The American Dream first became an idea in the 1700’s when congress wrote the Declaration of Independence. According to this article on The Balance (a financial advice website), the American Dream is the ideal that the government should protect each person’s opportunity to pursue their own idea of happiness. It’s protected in our Declaration of Independence: “We hold these truths to be self-evident, that all men are created equal, that they are endowed by their Creator with certain unalienable Rights, that among these are Life, Liberty and the pursuit of Happiness.”
Our founding fathers never defined the pursuit of happiness for everyone as amassing. It was simply our right to achieve our potential and improve our own lives. It was meant to give everyone the opportunity to live a full life. The American Dream was about equality, opportunities for everyone, and happiness.The American Dream was meant to give everyone the opportunity to live a full life.Click To Tweet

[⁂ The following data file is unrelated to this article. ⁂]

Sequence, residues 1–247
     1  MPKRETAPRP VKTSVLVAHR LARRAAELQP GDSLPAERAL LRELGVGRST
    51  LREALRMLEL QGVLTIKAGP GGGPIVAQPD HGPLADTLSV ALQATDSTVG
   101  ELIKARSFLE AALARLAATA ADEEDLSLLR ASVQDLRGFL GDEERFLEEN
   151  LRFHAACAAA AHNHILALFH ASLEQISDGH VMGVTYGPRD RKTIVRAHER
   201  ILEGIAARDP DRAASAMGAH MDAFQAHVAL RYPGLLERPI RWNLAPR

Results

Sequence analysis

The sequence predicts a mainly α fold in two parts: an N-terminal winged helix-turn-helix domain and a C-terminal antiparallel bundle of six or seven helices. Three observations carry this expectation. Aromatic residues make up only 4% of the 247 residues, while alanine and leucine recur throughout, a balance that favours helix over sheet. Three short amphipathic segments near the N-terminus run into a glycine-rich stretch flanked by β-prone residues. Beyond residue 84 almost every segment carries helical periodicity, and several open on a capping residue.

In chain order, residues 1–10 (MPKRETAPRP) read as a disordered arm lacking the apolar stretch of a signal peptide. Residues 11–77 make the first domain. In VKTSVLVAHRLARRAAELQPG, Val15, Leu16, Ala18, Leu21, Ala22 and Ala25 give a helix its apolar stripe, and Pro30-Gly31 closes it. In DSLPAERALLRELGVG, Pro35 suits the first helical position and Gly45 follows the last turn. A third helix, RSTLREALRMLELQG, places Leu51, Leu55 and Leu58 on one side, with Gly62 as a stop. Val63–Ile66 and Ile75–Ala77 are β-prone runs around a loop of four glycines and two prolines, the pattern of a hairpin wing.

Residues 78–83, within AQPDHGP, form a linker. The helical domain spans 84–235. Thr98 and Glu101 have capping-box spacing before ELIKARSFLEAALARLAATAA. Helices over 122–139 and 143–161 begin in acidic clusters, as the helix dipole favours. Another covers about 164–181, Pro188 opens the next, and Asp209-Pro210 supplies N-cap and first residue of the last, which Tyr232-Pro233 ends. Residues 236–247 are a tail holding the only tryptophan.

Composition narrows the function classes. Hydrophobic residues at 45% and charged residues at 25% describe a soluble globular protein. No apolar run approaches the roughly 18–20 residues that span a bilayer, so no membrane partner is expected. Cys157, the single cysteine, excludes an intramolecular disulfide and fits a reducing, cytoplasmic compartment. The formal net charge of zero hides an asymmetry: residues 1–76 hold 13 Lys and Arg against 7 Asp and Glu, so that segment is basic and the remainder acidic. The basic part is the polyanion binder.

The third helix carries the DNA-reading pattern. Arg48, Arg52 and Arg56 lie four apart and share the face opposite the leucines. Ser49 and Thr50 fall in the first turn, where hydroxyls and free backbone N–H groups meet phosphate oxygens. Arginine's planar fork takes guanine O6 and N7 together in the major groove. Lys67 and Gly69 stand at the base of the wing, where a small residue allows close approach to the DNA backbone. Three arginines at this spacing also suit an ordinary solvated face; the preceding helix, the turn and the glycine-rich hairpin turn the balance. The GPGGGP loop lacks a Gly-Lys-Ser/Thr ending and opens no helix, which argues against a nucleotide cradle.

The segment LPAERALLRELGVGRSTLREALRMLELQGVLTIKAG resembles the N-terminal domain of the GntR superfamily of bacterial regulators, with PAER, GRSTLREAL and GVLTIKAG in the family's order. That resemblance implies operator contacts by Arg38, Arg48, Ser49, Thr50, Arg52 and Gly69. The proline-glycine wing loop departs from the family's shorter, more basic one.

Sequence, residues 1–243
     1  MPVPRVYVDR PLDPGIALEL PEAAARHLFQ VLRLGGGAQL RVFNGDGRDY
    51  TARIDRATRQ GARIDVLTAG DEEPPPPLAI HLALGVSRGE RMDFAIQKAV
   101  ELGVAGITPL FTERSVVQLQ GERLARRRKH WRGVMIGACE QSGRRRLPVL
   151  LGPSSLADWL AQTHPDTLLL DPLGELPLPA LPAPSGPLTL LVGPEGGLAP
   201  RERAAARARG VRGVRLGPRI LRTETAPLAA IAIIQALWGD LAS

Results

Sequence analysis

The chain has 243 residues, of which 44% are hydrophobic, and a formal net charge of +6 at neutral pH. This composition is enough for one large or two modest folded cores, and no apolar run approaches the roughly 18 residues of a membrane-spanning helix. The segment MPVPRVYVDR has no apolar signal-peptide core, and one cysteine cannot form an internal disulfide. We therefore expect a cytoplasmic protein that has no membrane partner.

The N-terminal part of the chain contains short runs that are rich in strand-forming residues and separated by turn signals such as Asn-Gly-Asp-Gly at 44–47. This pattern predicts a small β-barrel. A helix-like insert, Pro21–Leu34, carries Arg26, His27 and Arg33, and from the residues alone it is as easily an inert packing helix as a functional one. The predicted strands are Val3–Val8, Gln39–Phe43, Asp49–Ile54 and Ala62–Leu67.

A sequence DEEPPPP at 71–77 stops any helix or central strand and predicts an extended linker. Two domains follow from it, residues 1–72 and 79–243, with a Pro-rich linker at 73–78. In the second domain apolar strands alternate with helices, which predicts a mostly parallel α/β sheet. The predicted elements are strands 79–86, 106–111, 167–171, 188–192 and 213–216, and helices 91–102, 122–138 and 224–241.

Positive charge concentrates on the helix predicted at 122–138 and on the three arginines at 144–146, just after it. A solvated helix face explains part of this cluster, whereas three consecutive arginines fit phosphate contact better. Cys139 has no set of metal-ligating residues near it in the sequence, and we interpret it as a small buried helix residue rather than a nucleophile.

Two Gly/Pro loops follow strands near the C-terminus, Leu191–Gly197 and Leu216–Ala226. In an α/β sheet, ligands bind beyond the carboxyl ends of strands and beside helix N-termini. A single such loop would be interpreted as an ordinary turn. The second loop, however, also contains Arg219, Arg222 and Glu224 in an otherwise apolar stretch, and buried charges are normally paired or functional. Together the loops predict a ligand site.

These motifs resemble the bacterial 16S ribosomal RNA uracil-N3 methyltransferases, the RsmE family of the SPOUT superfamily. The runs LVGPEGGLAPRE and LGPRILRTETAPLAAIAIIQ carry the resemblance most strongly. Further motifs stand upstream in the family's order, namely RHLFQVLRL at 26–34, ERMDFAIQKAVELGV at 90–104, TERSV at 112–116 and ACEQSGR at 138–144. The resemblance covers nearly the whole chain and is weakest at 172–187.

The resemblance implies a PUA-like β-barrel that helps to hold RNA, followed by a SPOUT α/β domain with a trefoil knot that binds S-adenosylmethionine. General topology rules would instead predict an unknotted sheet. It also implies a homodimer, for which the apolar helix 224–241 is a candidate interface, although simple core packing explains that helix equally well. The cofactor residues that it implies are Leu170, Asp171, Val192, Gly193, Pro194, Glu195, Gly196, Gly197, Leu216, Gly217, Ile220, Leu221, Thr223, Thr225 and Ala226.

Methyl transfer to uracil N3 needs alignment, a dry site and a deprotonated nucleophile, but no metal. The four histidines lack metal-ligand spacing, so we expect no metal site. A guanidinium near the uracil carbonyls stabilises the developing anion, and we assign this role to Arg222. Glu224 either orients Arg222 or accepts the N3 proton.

The Evolution of the American Dream
So then, when did the American Dream become the idea of getting a job with a high salary, acquiring big houses, fancy cars, and lots of possessions and calling that success? When did it become working yourself into the ground in order to buy things you don’t need but you think will make you look successful? What happened to enjoying your life and the people in it?
Well, that switch began in the 1920’s. The American Dream went from the right to create a better life to the desire to acquire material things. But how? People started focusing on what others had…and there were always others who had more. So, instead of focusing on pursuing their own version of happiness, they began to pursue someone else’s version. The American Dream became greed-driven instead of happiness-driven. Some would say that this new version of the American Dream is what led to the stock market crash of 1929 and the Great Depression.Instead of pursuing our own version of happiness, we've begun to pursue someone else's version.Click To Tweet